Sewing is a great skill, and it can be very helpful to teach kids to sew at a young age. It’s great not only for their fine motor skills, but also to give them the ability to make and mend as they get older. You can help your kids learn how to sew, though, even if you don’t know how to do it yourself! In this post you’ll find five tips to teach your kids to sew, answers to common questions, and also a list of my favorite supplies to use with my kids.
What age do kids learn how to sew?
Kids can start learning how to sew even as a toddler! A great way to begin this is by using lacing cards like these and stringing beads onto yarn or pipe cleaners. You can also punch holes into a paper plate and use yarn or a shoelace to practice sewing through the plate.
As your kids get older, you can start using plastic or blunt needles to sew into burlap or felt (put the burlap into an embroidery hoop to make it easier to hold onto). Then as your kids gain confidence and you feel good about them using sharper needles, move them to regular sewing needles.
By the time kids are 4-6 years old, they can usually begin doing small embroidery projects and hand sewing, like pillows and stuffies – keep scrolling for some great ideas and tutorials.
5 Tips to Teach Your Kids to Sew
1. Start with hand sewing
If your kids are older, they may be asking you to learn how to sew on a sewing machine (especially if a parent or grandparent uses one!). And while they absolutely can learn how to sew on a machine, I highly recommend starting with hand sewing. Hand sewing doesn’t have quite the learning curve that machine sewing does, it’s less complicated, and they can begin to understand the sewing basics. It’s also a great way to build sewing confidence.
2. Use felt and embroidery thread
Felt is a sturdier fabric than cotton and is easier for kids to hold. It’s also simple to cut, the edges won’t fray, and can be used for a wide variety of projects. My kids also really like to use markers to color on the felt!
Once your kids are confident sewing with felt, move on to cotton fabrics. Old bedsheets make great scrap fabric when practicing on a sewing machine!
3. Give them real tools and quality materials
A lot of sewing tools that are targeted at kids are honestly just kind of junky. My kids have used regular hand sewing needles as young as four or five! You just have to decide when your child is ready for a sharp vs blunt needle. The ONLY “kids” sewing machine I recommend is this Janome brand machine. But most kids do just fine on a regular machine.
If you don’t own a sewing machine yet, but are looking to buy one, I have some linked in the Handicraft Supplies section that I recommend. Cheap machines tend to be cheap for a reason, so try looking around on a buy/sell/trade group or asking a relative if they have a machine in their basement first.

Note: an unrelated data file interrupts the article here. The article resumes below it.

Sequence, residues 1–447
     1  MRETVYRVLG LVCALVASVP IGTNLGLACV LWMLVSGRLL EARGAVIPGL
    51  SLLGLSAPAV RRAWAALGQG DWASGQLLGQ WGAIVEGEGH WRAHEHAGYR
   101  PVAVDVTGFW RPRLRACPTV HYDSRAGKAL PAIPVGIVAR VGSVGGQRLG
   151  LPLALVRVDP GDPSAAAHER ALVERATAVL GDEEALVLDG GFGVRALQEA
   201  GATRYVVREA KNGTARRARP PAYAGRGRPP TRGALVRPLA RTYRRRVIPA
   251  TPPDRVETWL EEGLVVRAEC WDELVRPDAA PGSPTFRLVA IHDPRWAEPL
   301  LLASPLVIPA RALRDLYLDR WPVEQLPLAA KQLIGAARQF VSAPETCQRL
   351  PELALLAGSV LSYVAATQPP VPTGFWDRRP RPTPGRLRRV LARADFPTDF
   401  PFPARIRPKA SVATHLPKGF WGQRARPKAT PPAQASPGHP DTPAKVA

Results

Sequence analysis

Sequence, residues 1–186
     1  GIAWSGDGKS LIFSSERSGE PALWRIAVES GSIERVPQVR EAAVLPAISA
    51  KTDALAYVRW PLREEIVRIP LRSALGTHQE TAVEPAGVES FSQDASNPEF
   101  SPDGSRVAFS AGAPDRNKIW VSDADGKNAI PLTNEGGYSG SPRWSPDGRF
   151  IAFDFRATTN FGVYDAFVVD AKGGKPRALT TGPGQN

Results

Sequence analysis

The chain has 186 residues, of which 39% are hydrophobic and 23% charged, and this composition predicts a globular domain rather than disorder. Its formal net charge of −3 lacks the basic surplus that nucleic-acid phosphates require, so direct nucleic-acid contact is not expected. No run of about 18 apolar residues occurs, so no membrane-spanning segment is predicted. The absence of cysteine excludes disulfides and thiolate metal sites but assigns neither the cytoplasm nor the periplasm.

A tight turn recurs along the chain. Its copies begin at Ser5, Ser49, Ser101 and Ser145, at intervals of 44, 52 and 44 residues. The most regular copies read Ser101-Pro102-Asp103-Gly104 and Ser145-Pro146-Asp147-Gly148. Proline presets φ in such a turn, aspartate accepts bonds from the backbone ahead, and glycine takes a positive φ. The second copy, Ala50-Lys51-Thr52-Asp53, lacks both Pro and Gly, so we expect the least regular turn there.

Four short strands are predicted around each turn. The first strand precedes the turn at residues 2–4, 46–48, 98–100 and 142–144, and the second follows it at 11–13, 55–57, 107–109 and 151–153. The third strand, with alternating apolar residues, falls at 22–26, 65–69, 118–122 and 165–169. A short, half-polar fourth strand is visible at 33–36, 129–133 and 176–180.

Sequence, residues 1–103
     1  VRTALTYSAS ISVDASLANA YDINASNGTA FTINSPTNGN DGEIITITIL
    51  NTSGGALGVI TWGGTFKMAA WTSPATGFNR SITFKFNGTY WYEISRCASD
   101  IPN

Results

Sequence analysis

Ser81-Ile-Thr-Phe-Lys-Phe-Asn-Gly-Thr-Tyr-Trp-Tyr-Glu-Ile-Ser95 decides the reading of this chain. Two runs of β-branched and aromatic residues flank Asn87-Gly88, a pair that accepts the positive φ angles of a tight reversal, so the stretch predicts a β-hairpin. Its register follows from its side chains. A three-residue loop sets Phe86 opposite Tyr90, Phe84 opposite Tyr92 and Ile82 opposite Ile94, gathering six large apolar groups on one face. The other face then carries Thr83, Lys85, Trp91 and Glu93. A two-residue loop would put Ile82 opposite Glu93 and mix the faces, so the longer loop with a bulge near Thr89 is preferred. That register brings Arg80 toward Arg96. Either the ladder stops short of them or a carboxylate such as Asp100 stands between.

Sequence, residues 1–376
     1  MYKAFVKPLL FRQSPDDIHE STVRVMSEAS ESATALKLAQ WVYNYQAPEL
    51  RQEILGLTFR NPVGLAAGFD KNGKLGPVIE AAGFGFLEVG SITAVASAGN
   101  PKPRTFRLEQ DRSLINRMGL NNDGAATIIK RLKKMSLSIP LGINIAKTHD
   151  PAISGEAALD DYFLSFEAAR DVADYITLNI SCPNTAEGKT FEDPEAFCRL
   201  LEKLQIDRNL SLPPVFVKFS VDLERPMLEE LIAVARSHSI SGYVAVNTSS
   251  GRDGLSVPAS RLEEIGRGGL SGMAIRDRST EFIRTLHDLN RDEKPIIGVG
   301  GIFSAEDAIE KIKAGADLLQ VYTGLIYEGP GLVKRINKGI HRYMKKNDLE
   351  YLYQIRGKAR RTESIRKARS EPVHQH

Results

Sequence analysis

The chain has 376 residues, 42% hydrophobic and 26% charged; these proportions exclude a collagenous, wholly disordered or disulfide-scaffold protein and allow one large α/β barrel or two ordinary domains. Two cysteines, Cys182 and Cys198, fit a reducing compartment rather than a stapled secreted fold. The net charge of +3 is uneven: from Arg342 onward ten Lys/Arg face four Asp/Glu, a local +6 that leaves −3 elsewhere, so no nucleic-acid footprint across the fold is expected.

I have a list of supplies I recommend over in my Amazon Storefront.
4. Start by learning one or two basic stitches
Your child doesn’t need to know everything about sewing to begin making useful projects! Learning one or two stitches (either hand sewing stitches or on a sewing machine) is enough to make many different projects.
The running stitch is the most basic hand sewing stitch that can be used in embroidery and other hand sewing projects. The video below will show you how to sew a running stitch.
How to sew a running stitch:
A blanket stitch is another easy hand sewing stitch, plus it is perfect for simple pillows and stuffed animals. Learn how to do a blanket stitch here:
5. Make simple projects that they can play with or use
It’s good to practice stitches on their own, but the best way is to have your kids make things they’ll actually use! It will definitely make sewing a lot more fun. Pillows, designs for a shirt, stuffed animals, and toys are great first projects.
Here are some great beginner sewing projects for kids:
Practice makes progress!
Encourage your kids to practice their sewing skills often. If you don’t sew yet either, this is a great hobby to learn together!
This sewing practice pack from my shop can be used to practice hand sewing (print them on card stock and use a blunt needle) or machine sewing (easiest when you print on card stock and then practice following the lines on the sewing machine before graduating to using fabric.
Teaching your kids to sew is such a valuable skill! All your kids – boys or girls – will benefit from learning. My boys love to embroider, hand stitch stuffed animals, and are learning to use the sewing machine. I love knowing that I’m sending them out into the world with the ability to mend their clothing and make useful projects for their home as adults!
Do your kids know how to sew? Share some of the things they enjoy sewing in the comments!